Meanwhile, even the equally criticized Japanese live-action superhero shows (aimed mainly at children) achieved what American productions usually could not when making adaptations of comic books: a colourful, fantastic sense of wonder. After the original "campy" 1966 Batman TV series, superhero fans, even the American public, started to take their fantasies for granted, because colour and fantasy became "silly", "stupid" and thus equated with "camp". Thus, superheroes became dark, grim and "realistic." These were no longer the comic-books kids grew up with, they were more "adult" and "cynical." Japanese superheroes, on the other hand, retain that colourful "comic-book" feel. Yes, some of these superheroes are altruistic, like Super Giant, Moonlight Mask, and Ultraman, yet others (of the Henshin variety, for example, like Kamen Rider) take their powers for granted, but the hero still must make do with their powers to help the innocent, even get along with children, who usually idolize these heroes. They have even long before experimented with "grim" and "ironic" concepts that would finally be utilized in American superhero comics by the late 1980s. The villains in these shows included the kind of threats depicted in American comics that American movie & TV adaptations usually exclude; an evil empire, an alien race, a mad scientist and a weekly monster. Some would argue that Japanese superhero movies & shows, despite their "limited" special effects, are much better at emulating the style of American comic-books than the TV shows and Hollywood movies that are based on them.

Furthermore, it also has to do with conservative budget reasons. Japanese studios, unlike those of Hollywood, are not union-based. Some Japanese studios still allow a notoriously tight budget and schedule, while others are liberally taking a chance on things. Actors/staff are paid a smaller salary, yet they work together like a family.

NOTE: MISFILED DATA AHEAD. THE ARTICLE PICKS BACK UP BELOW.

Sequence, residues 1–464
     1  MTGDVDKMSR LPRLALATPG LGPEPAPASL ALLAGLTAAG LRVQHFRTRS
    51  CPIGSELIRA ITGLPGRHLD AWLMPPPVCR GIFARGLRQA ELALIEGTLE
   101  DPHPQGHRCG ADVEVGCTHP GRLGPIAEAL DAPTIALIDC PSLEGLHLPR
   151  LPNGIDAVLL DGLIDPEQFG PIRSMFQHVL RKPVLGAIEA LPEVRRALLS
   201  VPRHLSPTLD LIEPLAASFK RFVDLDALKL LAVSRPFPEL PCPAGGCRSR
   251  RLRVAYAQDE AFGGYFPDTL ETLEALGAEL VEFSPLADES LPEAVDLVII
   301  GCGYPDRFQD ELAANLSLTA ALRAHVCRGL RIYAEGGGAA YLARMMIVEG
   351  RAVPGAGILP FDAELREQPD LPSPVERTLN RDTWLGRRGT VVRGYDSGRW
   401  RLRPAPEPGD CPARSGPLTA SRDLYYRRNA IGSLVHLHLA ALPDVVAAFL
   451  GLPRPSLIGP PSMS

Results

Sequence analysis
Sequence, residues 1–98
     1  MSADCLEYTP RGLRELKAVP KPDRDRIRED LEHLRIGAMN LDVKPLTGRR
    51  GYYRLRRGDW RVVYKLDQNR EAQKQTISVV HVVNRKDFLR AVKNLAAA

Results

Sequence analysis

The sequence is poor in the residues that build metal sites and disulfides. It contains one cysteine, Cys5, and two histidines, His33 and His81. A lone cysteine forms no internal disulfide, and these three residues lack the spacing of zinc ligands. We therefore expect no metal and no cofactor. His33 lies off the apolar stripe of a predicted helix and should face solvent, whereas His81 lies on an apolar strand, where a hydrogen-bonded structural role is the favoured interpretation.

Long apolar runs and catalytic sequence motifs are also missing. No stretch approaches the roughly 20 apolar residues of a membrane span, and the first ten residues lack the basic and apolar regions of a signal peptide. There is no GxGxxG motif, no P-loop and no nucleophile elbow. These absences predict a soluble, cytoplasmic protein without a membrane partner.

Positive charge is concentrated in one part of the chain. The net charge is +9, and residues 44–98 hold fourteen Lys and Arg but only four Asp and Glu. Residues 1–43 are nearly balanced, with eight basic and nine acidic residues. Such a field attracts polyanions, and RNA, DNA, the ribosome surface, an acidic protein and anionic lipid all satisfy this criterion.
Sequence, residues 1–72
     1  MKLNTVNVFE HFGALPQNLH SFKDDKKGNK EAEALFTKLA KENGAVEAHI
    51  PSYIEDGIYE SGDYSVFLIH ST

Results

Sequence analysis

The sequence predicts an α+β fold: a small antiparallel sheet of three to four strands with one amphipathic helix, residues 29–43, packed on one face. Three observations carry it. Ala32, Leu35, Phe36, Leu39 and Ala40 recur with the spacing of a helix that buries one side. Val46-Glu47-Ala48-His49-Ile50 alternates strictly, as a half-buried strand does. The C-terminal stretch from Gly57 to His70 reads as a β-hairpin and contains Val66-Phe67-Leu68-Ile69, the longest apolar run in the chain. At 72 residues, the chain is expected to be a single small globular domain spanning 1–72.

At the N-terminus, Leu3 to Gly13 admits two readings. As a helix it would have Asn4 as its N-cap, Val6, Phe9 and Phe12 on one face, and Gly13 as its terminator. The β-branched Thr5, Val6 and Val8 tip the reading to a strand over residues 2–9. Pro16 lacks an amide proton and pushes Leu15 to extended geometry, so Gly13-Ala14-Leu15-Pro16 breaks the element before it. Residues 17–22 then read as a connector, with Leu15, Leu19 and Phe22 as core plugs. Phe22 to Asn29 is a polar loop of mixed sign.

Violence

As is evident since the 70s, Japanese superhero movies & TV shows became increasingly violent. Even as kid shows in Japan, American audiences were overly concerned over violence in America, and by the 70s, censorship against violence on American children's television had grown more and more strict. This mainly includes Japanese superhero TV productions, many of which were very dark and violent, and had grim and ironic stories. This goes for anime shows as well. Superheroes like Kamen Rider were created surgically by the villains, and turn against them. Superheroes like the title team of Science Ninja Team Gatchaman (an anime series) ruthlessly beat villains to a pulp. Superheroes like Mirrorman chop the monsters' heads off. Shows like Android Kikaider and Robotto Keiji had the monster of the week demonstrating their powers by slaying an innocent victim (an expendable character) at the beginning of each episode (not unlike the victims of the weekly monsters and alien threats featured in Star Trek). Needless to say, even Godzilla movies had followed suit in the same period.

In the 1990s, Power Rangers, which was Americanized from the Super Sentai series, made the shows more palatable to American TV standards by removing the excessive violence, and it differed dramatically from its original version. This is still a highly debated topic even among fans. One particular reason is that some evil kaijin in various tokusatsu are psychotic vicious and unforgiving. Those same monsters that are "adapted" are now depicted as stupid, unintelligent goof-offs to the point that the suit monsters are, to some, "Barney-esque." One victim of this was the warrior Grifforzer (renamed Goldar in Power Rangers). Originally a powerful, threatening figure in his original Japanese incarnation from Kyoryuu Sentai Zyuranger, Goldar became more and more pitiful as the series went on.

Lack of Cultural Identification